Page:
How do I attach/insert an image to show what I am talking about?
I have a Dell XPS 18, Upgraded from from Win 8 to Win 10.
I have a Seagate ST500LT012-9WS14S.
It is NOT a SSD.
The system works just fine.
My hard drive is a mess!!
I have cloned the hard drive but I need to make space on my C: drive.
When I look at the drive in Windows, (Disk Management) there are 10 partitions.
When I look at the drive I EaseUS Partition Master, there are 14 partitions.
This is crazy.
What are all those extra partitions?
Do I need them?
I do not want to go back to Win 8.
There is a 57 GB partition with what I presume is the Dell backup.
.I am not sure if this is a Win 8 reset or a win 10 reset
I want to get rid of the 57 GB partition, resize the other partitions and then clone that. (Backup)
I also want to get rid of any unneeded partitions.
My plan is to use Macrium to clone the drive.
I want to just clone those partitions that are needed and adjust the partition sizes.
There is no simple way to post an image on this forum.
So you have to type over partition information as you see it displayed using a partition tool.
My new Dell XPS 8930 has the following partitions for the C: drive on Windows 10 Home
500 Mb EFI System partition
222 Gb OS C: drive
804 Mb Recovery partition
13,53 Gb Recovery Partition
1,13 Gb Recovery Partition
16 Mb unallocated
I think 6 partitions is a lot for an out of the box new PC, but it is what it this.
Deleting partitions or installing Windows 10 from scratch will for sure result in deleting or inabling
Dell / Microsoft provided recovery capabilities.
Please have a close look at the 4 extra partitions with EaseUS Partition Master, I have never
seen different partitions from one tool to the other.
If your PC has UEFI Bios , then deleting or moving partitions becomes really complicated.
My advise is to search for expert support or bite the bullet and reinstall Windows from scratch
after a full backup ( actually two backups ) . Doing this will result in a "vanilla" windows 10 installation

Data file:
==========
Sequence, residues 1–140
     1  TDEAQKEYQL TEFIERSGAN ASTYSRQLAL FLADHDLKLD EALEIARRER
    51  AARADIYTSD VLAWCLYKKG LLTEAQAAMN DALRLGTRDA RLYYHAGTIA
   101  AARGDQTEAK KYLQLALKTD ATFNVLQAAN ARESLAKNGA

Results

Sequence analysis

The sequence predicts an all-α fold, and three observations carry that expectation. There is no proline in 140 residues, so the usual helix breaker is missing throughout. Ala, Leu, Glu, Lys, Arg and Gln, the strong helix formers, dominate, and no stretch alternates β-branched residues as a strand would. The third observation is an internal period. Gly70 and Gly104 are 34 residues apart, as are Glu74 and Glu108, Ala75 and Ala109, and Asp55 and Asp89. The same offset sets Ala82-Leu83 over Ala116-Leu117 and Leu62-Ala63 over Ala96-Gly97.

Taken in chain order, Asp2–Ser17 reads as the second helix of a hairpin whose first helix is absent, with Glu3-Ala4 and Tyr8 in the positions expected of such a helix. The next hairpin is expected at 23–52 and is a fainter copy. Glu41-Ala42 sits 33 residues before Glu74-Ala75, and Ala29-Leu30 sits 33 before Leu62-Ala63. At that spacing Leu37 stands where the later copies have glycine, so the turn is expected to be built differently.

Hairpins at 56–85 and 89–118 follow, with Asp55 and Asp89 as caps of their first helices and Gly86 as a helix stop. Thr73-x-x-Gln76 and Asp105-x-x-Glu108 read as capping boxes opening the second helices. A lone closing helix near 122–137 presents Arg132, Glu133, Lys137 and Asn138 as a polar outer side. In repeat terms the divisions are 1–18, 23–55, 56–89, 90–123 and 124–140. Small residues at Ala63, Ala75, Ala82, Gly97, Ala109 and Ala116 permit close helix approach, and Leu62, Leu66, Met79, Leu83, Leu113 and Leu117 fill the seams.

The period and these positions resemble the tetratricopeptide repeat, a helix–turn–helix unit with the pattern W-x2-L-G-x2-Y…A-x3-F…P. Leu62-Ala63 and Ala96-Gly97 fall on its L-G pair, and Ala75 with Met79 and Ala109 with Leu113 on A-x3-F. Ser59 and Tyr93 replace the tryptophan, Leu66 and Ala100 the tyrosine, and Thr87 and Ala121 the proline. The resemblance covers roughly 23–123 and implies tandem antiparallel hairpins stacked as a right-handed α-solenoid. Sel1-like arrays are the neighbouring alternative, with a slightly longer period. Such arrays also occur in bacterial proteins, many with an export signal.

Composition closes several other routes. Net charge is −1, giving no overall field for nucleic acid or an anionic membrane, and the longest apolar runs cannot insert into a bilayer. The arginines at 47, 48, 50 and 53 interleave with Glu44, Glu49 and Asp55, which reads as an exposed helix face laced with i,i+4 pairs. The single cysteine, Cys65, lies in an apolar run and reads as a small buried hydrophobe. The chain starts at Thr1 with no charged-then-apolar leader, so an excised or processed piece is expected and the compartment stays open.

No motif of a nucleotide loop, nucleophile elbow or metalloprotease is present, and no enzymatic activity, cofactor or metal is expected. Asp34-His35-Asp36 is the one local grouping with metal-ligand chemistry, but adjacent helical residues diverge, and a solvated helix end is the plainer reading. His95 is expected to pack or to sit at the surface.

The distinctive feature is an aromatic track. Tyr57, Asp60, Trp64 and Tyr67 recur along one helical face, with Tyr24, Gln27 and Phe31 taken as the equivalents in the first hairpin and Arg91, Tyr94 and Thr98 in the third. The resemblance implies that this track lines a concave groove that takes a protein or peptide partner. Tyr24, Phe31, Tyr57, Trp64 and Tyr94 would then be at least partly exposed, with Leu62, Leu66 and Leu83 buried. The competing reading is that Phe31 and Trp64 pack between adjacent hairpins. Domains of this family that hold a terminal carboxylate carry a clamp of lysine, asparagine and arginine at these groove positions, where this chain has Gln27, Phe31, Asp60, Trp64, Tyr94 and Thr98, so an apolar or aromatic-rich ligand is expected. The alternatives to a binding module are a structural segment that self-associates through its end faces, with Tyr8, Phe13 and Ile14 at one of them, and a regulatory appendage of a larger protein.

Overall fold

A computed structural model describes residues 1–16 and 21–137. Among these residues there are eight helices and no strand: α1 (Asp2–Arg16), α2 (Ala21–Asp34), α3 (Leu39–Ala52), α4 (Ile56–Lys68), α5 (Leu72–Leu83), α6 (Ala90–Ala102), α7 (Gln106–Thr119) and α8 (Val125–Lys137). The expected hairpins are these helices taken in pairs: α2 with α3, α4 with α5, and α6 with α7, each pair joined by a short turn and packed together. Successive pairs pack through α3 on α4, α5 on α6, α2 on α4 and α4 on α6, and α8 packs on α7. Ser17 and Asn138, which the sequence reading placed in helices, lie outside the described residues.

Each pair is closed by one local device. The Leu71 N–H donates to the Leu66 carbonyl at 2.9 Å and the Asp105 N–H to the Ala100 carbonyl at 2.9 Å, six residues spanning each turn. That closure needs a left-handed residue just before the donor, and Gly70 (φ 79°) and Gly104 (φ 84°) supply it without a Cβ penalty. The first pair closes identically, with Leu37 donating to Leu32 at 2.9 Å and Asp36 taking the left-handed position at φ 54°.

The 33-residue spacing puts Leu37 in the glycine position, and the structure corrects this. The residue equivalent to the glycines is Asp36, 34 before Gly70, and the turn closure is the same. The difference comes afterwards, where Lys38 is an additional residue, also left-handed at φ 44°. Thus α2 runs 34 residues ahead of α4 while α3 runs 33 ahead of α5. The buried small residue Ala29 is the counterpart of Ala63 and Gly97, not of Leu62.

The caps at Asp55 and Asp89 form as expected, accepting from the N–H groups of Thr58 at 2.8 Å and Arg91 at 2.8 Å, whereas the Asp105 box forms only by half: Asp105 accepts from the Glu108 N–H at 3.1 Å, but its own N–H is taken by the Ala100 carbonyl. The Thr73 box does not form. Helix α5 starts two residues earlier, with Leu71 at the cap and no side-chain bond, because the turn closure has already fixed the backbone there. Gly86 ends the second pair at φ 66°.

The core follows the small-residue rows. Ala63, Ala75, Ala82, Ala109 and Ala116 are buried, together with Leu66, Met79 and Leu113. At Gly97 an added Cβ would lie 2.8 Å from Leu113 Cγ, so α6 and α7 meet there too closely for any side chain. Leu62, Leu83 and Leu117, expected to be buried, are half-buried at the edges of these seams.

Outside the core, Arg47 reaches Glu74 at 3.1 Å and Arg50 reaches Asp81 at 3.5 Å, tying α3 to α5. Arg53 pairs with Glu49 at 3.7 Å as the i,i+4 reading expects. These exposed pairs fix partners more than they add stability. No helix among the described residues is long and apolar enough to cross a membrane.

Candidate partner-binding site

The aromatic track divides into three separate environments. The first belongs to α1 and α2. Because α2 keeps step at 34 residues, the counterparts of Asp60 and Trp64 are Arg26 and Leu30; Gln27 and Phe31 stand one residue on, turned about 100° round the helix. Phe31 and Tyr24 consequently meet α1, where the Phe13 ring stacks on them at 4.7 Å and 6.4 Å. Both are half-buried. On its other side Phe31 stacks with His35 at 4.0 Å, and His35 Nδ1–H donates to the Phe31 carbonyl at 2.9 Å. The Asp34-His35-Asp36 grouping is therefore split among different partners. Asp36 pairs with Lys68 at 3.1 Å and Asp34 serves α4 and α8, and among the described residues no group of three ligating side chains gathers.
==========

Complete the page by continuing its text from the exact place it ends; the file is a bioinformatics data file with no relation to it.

without build in recovery as provided by Dell.
From EaseUS Partition Master
1st Partition: * 1.00 MB Unallocated. GPT. Not used by me. No Drive letter.
2nd Partition: *: 300.00 MB NTFS. GPT (unused Partition) Not used by me. No Drive letter.
3rd Partition: *: 100.00 MB FAT32. GPT (EFI System Partition) Not used by me. No Drive letter.
4th Partition: *: 128.00 MB Other. GPT. (Reserved Partition) Not used by me. No Drive letter.
5th Partition: C: 150.70 GB NTFS. System C: GPT. (Data Partition) Used by me.
6th Partition: *: 755.00 KB Unallocated. GPT. Not used by me. No Drive letter.
7th Partition: *: 875.00 MB NTFS. GPT. (Unused Partition) Not used by me. No Drive letter.
8th Partition: I: 450.00 MB NTFS. Drive I. GPT (Data Partition) Not used by me.
9th Partition: F: 8.00 GB NTFS Drive F: GPT (Data Partition) Used by me. Page file.
10th Partition: *: 1.16 MB Unallocated. GPT Not used by me. No Drive letter.
11th Partition: 😧 81.50 GB NTFS Drive 😧 GPT (Data Partition) Used by me. My Documents
12th Partition: E: 165.49 GB NTFS Drive E: GPT (Data Partition) Used by me. Data,Downloads, Mail
13th Partition: *: 57.81 GB NTFS PBR Image GPT (Unused Partition) Dell? No Drive letter.
14th Partition: *: 450 MB MB NTFS. GPT (Unused Partition) Not used by me. No Drive letter.
Windows Disk Management shows these
(2nd) Partition: *: 300.00 MB Healthy (OEM Partition) Not used by me. No Drive letter.
(3rd) Partition: *: 100.00 MB Healthy (EFI System Partition) Not used by me. No Drive letter.
(5th) Partition: C: 150.70 GB NTFS. Healthy (Boot, Page File, Crash Dump, Primary Partition) System C: GPT. (Data Partition) Used by me.
(7th) Partition: *: 875.00 MB Healthy (OEM Partition) Not used by me. No Drive letter.